PHILADELPHIA — When Susan B. Anthony came here to make her appeal for women's suffrage during the centennial celebration for the Constitution, she was denied access to the podium and had to stand outside and read her declaration.
When a congressional delegation arrives today to take part in the opening hoopla for the Constitution's bicentennial, greeters will include an army of feminists wearing T-shirts demanding, "Put Women in the Constitution."
Philadelphia is the final stop on their "Torch Run for Equality," a relay-style event that began Monday at the Capitol in support of the Civil Rights Restoration Act. Here, they will turn over the lighted torch to Rep. Lindy Boggs (D-La.), who chairs the bicentennial congressional delegation.
Then, as the first official act of the celebration, Boggs will present the torch to the 55 congressmen and congresswomen who will hold a symbolic meeting in a pavilion constructed on Independence Mall.
It's progress, but "we're not yet in the Constitution," there is no equal rights amendment, observed Molly Yard, one of two declared candidates for president of the National Organization for Women, which has chosen Philadelphia for its national conference opening Friday.
It is not by coincidence that NOW has come to Philadelphia--which it has renamed "The City of Sisterly Love." "We're going to have 'We the Women' buttons and 'We the Women' banners and T-shirts," promises Eleanor Smeal, who is stepping down as president of NOW. "The celebration will definitely take note of the fact that women have been left out. . . ."
But NOW's top priority, Smeal said in a pre-conference interview, will be mobilization of its "Save the Court" campaign, an all-out effort to block confirmation of Judge Robert H. Bork to the Supreme Court. Bork, who sits on the U.S. Circuit Court of Appeals for the District of Columbia, is President Reagan's nominee to succeed retiring Supreme Court Justice Lewis F. Powell Jr.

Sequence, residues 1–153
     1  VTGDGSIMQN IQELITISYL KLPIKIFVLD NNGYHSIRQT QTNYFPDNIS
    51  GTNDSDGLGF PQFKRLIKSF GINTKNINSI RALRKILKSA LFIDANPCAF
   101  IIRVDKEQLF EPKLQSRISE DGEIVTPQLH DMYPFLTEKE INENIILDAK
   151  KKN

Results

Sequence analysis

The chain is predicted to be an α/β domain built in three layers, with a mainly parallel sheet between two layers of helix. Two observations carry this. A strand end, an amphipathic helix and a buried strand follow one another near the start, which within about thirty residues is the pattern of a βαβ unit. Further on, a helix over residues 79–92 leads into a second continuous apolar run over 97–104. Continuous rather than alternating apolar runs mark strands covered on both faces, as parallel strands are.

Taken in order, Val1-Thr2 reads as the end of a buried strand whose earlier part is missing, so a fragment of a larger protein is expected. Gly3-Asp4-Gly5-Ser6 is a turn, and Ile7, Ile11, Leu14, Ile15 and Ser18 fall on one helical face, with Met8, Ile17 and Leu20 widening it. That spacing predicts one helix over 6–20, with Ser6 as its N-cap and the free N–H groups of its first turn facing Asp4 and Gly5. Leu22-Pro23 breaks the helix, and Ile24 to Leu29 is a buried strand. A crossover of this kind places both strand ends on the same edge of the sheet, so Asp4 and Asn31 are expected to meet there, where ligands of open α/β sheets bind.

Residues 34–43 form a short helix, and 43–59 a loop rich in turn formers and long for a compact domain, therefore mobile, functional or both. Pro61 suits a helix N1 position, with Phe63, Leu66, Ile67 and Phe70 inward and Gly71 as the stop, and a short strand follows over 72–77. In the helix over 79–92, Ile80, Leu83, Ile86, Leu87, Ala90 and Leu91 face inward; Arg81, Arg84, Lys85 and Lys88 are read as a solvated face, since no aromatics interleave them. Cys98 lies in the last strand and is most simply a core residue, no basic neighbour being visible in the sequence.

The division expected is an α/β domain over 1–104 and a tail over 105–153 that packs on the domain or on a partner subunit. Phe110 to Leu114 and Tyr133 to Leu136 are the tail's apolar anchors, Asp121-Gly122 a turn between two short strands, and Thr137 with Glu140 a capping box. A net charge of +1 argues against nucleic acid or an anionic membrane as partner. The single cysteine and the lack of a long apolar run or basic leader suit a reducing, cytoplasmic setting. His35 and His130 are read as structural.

"Judge Bork," Yard said, "would deny us the right to birth control and to the choice of abortion. I can tell you there will not be enough jails to hold the women who will defy any turning back on those two issues."
"We see eye to eye on this one," said Noreen Connell, the other candidate for NOW president. "Bork as an individual is not the problem. They'd find someone just like Bork. What we've got to do is make sure the Democrats have enough guts to block that nomination and make it an issue in the presidential elections of 1988."
Delegates may also pass a resolution urging Rep. Patricia Schroeder (D-Colo.), the senior woman in Congress, to run for President. Schroeder has been testing the political waters and has said she will make a decision in late summer.
But the prevailing theme here will be "feminization of power," the cause for which Smeal, 47, is relinquishing leadership of the 150,000-member "cutting edge" organization of the women's movement.
Convinced that the Iran- contra scandal presents an opportunity to change the makeup of the next Congress, Smeal said she wants "at least half" of the new members to be feminist women, which would triple the number of women in Congress.
To that end, Smeal said she will head up a campaign by the new Fund for the Feminist Majority, kicking off a nationwide speaking tour from Los Angeles in early September. Decorated "power vans" will travel region to region in a massive effort to flood local, state and national tickets with women candidates in 1988.
NOW will elect a new national president on Saturday, a choice expected to involve only declared candidates, Molly Yard, who has been NOW's political director in Washington since 1985, and Noreen Connell, president of New York State NOW.
Yard and her slate have the backing of Smeal. Connell is backed by Judy Goldsmith, from whom Smeal wrested the presidency in 1985, and by Betty Friedan, one of the movement's matriarchs.
Connell, a former assistant commissioner of labor for New York State, acknowledges being the "underdog" representing "about one third of the delegates" but hopes there is an uncommitted element that will come over to her side.
Methods and Tactics
Most observers agree Yard and Connell are essentially agreeing on goals, but differ on methods and tactics.
By "consistently focusing on (opposition to) the right wing," Connell said, "we're really letting a lot of other institutions off the hook on their treatment of women--the courts, corporations, the media. Our problem isn't only Jerry Falwell."
For example, Connell said, national NOW has "sort of lulled us into writing letters to keep 'Cagney and Lacy' on the airwaves. But much more is at stake. When you have the Brinkley show as sort of an all-male preserve and Ted Koppel has maybe one woman on his show after 30 men troop through, you've got to know something is going on. They don't feel any pressure from us."